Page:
If science is pushed aside in the U.S., so too will scientific thought be suppressed and reduced in schools, which is already happening. I'm only 24, but I can attest to the complete lack of knowledge in the sciences, as I have seen it myself. There is little to advance learning of physics and biology. We learn the very, very basics and only if you're interested enough do you go to college and take an advanced course. But the public school system is not prepared to teach a society of Americans who are either polarized by differing opinions on what is realistic and what isn't (i.e. creationism vs. evolution) or simply can't comprehend something like Einstein's theory of relativity, to which I would say we need a collection of Dummy books for the various concepts in science to make things very clear and understandable (some scientific theories are written in such complex manners that even scientifically knowledgeable people such as myself have problems understanding them). In addition, our system is designed to teach temporary retention, not comprehension. This means that we require our children and college students to remember certain things long enough to pass the test, but don't try to make them comprehend it. You don't have to understand how a cell works to pass a biology test in high school. I know, I've done it. Our system needs to be signed so that it creates comprehension over temporary retention. Focusing on testing is not the solution and never was--and it likely has caused more damage than it was supposed to.
Why does this second one become a problem? If science-literacy is reduced to a state below rudimentary understanding, SF will have problems addressing the audience, except where non-scientific based more adventure style SF is concerned. Certainly SF in its 'harder' form would exist outside the U.S. should other countries maintain innovative and scientific thought, however they will be forced to send their works elsewhere. The U.S. has one of the world's largest publishing industries. We consume books like we consume music, to some extent (well, maybe not, but we do consume books rather readily here). Literacy is already a huge concern in the U.S., but so is science literacy. SF is not, in general, a wholly complex genre of fiction (on the outside; I can admit that it gets very complex and interesting when you really dig in). In a lot of ways it is really quite accessible, even the hard stuff. There are very few novels written in a fashion that isn't understandable; such novels are oddities in a huge market of SF. Regardless, one really needs some grasp of science to understand a lot of SF. This isn't to say you need to know physics or biology, or anything like that, in any sort of significant manner, but you should know the basic rules of physics and how cells divide and have some mental understanding what it means to say 'genetic manipulation' or 'zero G'. Yet there are a lot of people that don't understand. These are the folks that either aren't paying attention because of a lack of understanding or are asking "what does that mean?" only to be met with definitions beyond them.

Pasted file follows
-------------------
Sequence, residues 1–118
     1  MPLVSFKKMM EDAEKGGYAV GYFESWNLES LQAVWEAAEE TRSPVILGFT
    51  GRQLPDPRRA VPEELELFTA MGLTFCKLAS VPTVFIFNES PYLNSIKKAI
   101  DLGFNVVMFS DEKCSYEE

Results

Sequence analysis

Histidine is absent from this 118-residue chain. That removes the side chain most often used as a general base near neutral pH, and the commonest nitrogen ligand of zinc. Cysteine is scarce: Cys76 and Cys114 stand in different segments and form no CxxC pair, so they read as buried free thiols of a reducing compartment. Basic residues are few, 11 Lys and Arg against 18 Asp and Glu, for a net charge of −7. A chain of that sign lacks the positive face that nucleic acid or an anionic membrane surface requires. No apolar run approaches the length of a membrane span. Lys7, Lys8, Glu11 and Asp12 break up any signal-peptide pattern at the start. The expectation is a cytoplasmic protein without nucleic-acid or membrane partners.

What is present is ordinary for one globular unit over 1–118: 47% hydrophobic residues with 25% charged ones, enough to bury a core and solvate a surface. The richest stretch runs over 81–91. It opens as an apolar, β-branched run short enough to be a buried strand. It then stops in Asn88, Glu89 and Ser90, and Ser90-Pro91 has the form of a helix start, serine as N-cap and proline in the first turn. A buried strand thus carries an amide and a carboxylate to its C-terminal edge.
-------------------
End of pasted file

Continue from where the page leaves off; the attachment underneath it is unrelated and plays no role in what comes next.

The end result, then, is for countries to maintain some sort of positive support of the sciences. SF not only depends on it, but so does society. Look around you. See the things that have made your life easier, simpler, or even more exciting. Think about how fun it is to drive a car, or to get on an airplane, or ride a rollercoaster (you'd be surprised how much science goes into those, by the way), etc. This is the world you live in. SF is everywhere and so is science. Our lives are rooted in the stuff and we have a duty to keep it coming. If scientific thought goes away, then imagine what our future will be like. This is probably the most frightening prospect I have encountered: the thought of science actually devolving, or falling away. Changes have to be made to prevent it. Technology must survive; science must survive; science fiction must survive. Protect it as if it were a child, because just like a child...it is our future.
P.S.: I know that last bit was rather corny. On a side note I want to make it very clear that I am not in any way insulting Tobias S. Buckell's writing. Please do not misunderstand this. I love his work, but it is a type of SF that isn't 'hard SF'. That doesn't mean it is bad, it just means it's not the type of SF that intentionally throws in loads of quantum physics, string theory, etc. His works use science, but indirectly, meaning that there is science beneath it all, but it's not brought to the front very much. He writes adventure/space opera type stuff, which is a wonderful, exciting, enthralling genre. No insult is meant.